Whether you’re putting in work in the gym or on the track, form is everything. Running with proper form allows you to maximize your performance efficiency while preventing pain and injury. Here are three keys to focus on when analyzing your form.

 

1. Posture

 

“Run tall” – if you’ve ever had a coach or trainer, you’ve probably heard this shouted at you from across the track. Now that it’s 2020, we’ll extend the mantra to “Run Tall, Lean Forward.” Your form may naturally get lazy as you run, so when you start to feel slow and small, remember to elongate your spine, pick your head up, and try to lean your torso slightly forward. This can also help with overstriding, which we’ll touch on in key number two!

 

A tall posture and forward lean will also force your body to naturally lean at the ankles and alter your strike position, shifting stress away from your heels and helping you to run faster. Think of your running posture in terms of maximizing that push-off and spring forward from your planted foot, rather than a pulling forward and stretching out of your leading foot.

 

2. Strike & Stride

 

Striking refers to the region of your foot that first makes contact with the ground when running. A great majority of people are heel-strikers, which is not problematic in itself, but can lead to injury due to the intense nature of the strike, and can also easily slump into lazy running posture.

 

More importantly than strike location is striding, and doing everything you can to prevent overstriding. Overstriding, meaning that at the time of striking, your foot is further forward than your knee, is an inefficient style and can lead to serious knee, ankle, and food injury. Whether you heel-strike or fore-strike, you can still overstride. Try to be mindful of maintaining your striking foot directly aligned with the knee above it, which should coincide nicely with your “running tall and leaning forward” from key number one. Have a friend film you from the side while running and see if you can identify any overstriding issues!

 

3. Rhythm

 

Running rhythmically consists of many factors, but they all go together brilliantly. Running with rhythm, balance, and control is vital to preventing injury, maximizing efficiency, and maintaining a consistent level of performance. It’s the result of practice, practice, and more practice – and maybe even some time in the gym.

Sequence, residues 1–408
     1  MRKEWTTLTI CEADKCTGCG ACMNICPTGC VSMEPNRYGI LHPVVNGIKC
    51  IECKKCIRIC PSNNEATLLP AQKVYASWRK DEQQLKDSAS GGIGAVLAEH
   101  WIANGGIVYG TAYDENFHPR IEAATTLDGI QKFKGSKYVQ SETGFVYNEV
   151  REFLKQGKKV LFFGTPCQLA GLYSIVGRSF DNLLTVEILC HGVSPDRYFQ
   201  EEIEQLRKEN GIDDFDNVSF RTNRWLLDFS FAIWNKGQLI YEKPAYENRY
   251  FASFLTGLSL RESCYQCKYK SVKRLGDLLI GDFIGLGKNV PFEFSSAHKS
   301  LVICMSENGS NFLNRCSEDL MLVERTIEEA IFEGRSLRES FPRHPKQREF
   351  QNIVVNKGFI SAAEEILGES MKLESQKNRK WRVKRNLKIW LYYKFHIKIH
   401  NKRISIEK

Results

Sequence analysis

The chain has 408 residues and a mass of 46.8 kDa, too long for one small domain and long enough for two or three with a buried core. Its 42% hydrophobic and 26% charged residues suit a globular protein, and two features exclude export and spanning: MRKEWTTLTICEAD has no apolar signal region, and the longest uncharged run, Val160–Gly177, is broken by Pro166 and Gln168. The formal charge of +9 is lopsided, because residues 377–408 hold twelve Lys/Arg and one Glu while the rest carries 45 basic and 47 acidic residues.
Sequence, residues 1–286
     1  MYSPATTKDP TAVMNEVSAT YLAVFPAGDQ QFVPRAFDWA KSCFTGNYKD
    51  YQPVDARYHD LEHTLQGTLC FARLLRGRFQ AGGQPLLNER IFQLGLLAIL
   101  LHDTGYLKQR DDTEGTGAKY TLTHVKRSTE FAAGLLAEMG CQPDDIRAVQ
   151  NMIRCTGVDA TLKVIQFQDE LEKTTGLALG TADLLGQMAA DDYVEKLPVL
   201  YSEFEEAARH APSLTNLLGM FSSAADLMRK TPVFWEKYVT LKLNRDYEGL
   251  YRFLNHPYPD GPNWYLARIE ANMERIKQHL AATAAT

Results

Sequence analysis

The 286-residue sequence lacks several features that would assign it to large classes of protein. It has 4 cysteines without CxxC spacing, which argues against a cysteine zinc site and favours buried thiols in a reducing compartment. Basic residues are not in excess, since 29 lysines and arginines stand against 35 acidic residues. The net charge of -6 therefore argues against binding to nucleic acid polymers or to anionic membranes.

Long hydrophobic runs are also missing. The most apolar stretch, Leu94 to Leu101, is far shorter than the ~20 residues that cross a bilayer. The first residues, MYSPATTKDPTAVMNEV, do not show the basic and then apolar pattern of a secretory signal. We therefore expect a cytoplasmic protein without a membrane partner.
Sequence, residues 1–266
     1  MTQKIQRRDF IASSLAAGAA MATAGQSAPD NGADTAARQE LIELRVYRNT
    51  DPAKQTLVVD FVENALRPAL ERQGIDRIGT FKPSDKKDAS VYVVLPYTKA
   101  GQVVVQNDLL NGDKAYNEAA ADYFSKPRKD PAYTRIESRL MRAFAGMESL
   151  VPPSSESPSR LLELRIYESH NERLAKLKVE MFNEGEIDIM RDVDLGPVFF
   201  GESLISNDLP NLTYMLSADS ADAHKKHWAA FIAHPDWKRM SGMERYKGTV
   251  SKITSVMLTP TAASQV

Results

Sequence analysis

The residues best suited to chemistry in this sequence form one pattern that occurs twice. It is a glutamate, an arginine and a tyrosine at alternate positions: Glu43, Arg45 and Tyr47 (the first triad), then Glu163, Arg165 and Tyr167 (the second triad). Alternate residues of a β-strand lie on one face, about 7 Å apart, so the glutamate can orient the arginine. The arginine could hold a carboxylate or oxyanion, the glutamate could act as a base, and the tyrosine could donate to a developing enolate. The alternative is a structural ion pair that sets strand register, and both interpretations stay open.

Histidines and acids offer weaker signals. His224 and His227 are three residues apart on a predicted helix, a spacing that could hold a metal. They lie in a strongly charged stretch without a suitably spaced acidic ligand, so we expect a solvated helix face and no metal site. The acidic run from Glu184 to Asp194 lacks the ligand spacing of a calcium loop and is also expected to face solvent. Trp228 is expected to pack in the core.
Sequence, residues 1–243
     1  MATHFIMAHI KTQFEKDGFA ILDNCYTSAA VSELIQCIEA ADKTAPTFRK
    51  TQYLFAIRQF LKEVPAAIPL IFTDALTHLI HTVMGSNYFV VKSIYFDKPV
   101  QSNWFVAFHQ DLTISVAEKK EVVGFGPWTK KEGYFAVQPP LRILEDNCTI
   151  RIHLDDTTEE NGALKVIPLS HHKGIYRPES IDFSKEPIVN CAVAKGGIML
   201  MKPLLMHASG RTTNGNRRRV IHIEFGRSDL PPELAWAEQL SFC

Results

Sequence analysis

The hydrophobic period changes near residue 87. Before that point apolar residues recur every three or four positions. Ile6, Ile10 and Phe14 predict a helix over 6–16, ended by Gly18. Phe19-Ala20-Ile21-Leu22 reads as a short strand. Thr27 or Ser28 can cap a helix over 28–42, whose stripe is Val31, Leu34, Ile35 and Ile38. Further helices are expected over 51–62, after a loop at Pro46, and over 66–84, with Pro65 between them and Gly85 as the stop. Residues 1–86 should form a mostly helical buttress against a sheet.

A strong core and gluteal muscles is a good place to start, as both groups contribute massively to the balance and stability of your pelvis, hips, and trunk. Spend some time in the gym to ensure that these areas aren’t holding you back! While running, try to find the natural rhythms aligning between the following: loose, relaxed arms that swing with each step, a step cadence around 180 steps per minute (increasing this cadence can also help with overstriding), and consistent breathing that acts as the metronome for all of your running functions.

 

Beyond these three keys, try to train consciously. Many runners talk about zoning out while running, which can be great for maintaining a high level of performance during endurance events. However, while training and potentially identifying form corrections, don’t zone out! Run mindfully, be aware of your body’s motions and rhythms, and work proactively to prevent injury and achieve consistency with every step.

 

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Sources

  • 5 keys to better running form, by Greg McMillan, 2016 April 23, https://www.mcmillanrunning.com/5-keys-to-better-running-form/
  • Proper running technique: six ways to run more efficiently, by James Dunne, 2020 April 30, https://www.kinetic-revolution.com/running-technique-6-ways-to-improve-efficiency/